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Olam International Cocoa Code d’Ivoire and Hazelnut Turkey  supply chains are assessed by the FLA.

From the Olam website:  As Olam has grown, so has our direct workforce – employed across our upstream operations in plantations, concessions and farming to our downstream processing. These employees and contractors are governed by the Olam Code of Conduct and ILO compliant labour standards.

As part of the annual assessment of its affiliate members, the FLA since 2013 has conducted monitoring visits in Olam's cocoa supply chain in Côte d’Ivoire.   In 2016, the FLA focused its independent external monitoring (IEM) visits on three cooperatives that had never been assessed before.

To document company capacity at the outset of the FLA's cooperative agreement with the US Department of Labor to pilot test USDA social sustainability guidelines in Turkey, the project team conducted a baseline survey of Nestlé, Olam-Progıda, and Balsu to assess their programs for combating child and forced labor. 

The worker demographic profiling report presented here was produced to support the work of the project “Partnership to Reduce Child Labor and Forced Labor in Imported Agricultural Products: Piloting the USDA Guidelines in the Hazelnut Supply Chain in Turkey,” conducted by the Fair Labor Association (FLA) as part of its cooperative agreement with the US Department of Labor.

In August 2016, the Fair Labor Association (FLA) conducted independent assessments in the Turkish hazelnut supply chain shared by three FLA affiliates – Nestlé, and its two strategic first-tier suppliers, Balsu and Olam Progida which together account for 100 percent of Nestlé’s hazelnut volume in Turkey.  All three companies are affiliated with the FLA and have monitoring and remediation programs in place. Based on both internal and external monitoring results, company affiliates must develop and implement remediation actions leading to sustainable changes.

Washington, DC – The U.S. Department of Labor’s Bureau of International Labor Affairs (ILAB) today announced a cooperative agreement of $4.87 million to the Fair Labor Association (FLA) to pilot test the U.S. Department of Agriculture’s "Guidelines for Eliminating Child and Forced Labor in Agricultural Supply Chains" over the next 28 months.  The FLA will partner with three companies affiliated with the FLA – Nestlé, Olam-Prodiga and Balsu – in applying the guidelines to their hazelnut supply chain in Turkey.   “We are excited to...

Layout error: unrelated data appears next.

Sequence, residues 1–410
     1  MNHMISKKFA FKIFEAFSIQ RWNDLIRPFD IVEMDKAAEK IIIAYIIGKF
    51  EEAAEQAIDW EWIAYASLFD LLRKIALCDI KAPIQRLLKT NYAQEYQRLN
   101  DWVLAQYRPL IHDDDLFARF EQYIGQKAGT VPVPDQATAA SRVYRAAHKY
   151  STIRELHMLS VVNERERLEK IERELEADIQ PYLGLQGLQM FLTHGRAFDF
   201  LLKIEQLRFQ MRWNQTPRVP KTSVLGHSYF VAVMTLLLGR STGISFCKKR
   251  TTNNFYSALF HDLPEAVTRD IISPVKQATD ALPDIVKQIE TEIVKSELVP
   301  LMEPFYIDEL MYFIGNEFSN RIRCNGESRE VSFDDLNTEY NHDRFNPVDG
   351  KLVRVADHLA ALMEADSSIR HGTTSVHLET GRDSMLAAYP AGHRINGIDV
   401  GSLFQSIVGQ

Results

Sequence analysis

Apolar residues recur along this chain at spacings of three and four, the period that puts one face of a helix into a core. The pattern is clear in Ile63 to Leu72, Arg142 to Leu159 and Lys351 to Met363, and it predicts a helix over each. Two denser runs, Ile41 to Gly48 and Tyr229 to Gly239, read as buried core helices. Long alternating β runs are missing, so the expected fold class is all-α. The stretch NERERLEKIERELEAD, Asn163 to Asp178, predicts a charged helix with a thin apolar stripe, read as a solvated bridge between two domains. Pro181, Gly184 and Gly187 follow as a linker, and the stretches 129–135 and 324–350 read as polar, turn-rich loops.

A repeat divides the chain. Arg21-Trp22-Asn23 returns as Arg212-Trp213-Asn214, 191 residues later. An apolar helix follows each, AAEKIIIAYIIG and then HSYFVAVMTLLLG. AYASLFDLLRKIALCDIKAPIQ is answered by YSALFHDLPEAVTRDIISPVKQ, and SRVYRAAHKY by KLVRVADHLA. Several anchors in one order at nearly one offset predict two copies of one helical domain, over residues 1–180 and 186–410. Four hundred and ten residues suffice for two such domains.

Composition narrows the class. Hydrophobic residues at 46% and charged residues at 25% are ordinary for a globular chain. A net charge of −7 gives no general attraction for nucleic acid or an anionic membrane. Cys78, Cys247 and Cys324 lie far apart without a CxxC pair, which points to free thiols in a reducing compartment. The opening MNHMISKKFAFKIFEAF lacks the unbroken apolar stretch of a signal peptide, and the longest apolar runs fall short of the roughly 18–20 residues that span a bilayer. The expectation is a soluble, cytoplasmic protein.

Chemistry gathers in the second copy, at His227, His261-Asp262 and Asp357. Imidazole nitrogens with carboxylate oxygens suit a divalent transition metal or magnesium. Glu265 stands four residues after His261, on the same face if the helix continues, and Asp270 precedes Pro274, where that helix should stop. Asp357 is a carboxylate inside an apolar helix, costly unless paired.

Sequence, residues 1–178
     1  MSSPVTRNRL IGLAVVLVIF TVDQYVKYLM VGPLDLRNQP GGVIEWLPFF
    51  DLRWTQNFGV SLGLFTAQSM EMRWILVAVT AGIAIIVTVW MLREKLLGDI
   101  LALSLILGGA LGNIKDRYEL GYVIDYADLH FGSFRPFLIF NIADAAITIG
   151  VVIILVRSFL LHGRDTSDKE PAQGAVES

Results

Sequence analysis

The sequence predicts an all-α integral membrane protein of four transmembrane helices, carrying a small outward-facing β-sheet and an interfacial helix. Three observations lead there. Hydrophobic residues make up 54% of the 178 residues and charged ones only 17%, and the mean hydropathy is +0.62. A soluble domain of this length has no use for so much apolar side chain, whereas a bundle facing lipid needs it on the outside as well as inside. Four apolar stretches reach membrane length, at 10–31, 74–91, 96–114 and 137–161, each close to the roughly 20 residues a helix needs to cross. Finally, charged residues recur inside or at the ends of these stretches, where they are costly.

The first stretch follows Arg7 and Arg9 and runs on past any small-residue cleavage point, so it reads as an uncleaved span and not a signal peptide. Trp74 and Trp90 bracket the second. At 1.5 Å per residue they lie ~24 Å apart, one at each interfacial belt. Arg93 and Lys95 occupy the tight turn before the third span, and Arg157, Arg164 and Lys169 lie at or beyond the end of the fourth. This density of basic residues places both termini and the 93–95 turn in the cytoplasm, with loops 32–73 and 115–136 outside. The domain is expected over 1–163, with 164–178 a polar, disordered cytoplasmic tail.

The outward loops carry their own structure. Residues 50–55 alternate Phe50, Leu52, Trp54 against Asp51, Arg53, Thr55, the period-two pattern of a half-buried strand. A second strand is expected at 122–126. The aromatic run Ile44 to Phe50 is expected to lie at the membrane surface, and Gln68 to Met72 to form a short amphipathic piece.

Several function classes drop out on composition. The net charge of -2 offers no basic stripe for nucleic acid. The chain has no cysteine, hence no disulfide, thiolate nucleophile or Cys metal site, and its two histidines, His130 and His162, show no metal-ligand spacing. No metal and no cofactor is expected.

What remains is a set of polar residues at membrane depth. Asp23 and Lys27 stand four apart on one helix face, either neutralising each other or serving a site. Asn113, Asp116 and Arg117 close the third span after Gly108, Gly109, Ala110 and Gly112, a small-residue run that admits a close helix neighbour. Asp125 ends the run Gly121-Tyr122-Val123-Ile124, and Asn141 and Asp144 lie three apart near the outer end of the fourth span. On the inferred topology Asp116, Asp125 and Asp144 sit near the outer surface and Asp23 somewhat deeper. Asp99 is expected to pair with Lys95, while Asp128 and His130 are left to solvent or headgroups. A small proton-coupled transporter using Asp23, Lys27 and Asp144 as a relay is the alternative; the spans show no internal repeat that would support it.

As part of the annual assessment of its affiliate members, the FLA since 2013 has conducted monitoring visits in Olam's cocoa supply chain in Côte d’Ivoire.   In 2016, the FLA focused its independent external monitoring (IEM) visits on three cooperatives that had never been assessed before.

To document company capacity at the outset of the FLA's cooperative agreement with the US Department of Labor to pilot test USDA social sustainability guidelines in Turkey, the project team conducted a baseline survey of Nestlé, Olam-Progıda, and Balsu to assess their programs for combating child and forced labor. 

The worker demographic profiling report presented here was produced to support the work of the project “Partnership to Reduce Child Labor and Forced Labor in Imported Agricultural Products: Piloting the USDA Guidelines in the Hazelnut Supply Chain in Turkey,” conducted by the Fair Labor Association (FLA) as part of its cooperative agreement with the US Department of Labor.

In August 2016, the Fair Labor Association (FLA) conducted independent assessments in the Turkish hazelnut supply chain shared by three FLA affiliates – Nestlé, and its two strategic first-tier suppliers, Balsu and Olam Progida which together account for 100 percent of Nestlé’s hazelnut volume in Turkey.  All three companies are affiliated with the FLA and have monitoring and remediation programs in place. Based on both internal and external monitoring results, company affiliates must develop and implement remediation actions leading to sustainable changes.

The FLA annually conducts independent assessments of a sample of each affiliated company’s supply chains. For Olam, the FLA has been monitoring since 2014 a portion of the cocoa-producing cooperatives and farms in its Ivory Coast supply chain. In 2015, Olam reported it had traced 100 percent of the cooperatives supplying cocoa for Olam in the Ivory Coast, which represents 117 cooperatives and about 53,000 farmers. Cocoa sourced from cooperatives represents 100 percent of the entire supply chain, with no cocoa is sourced through traitants that have not yet been traced.

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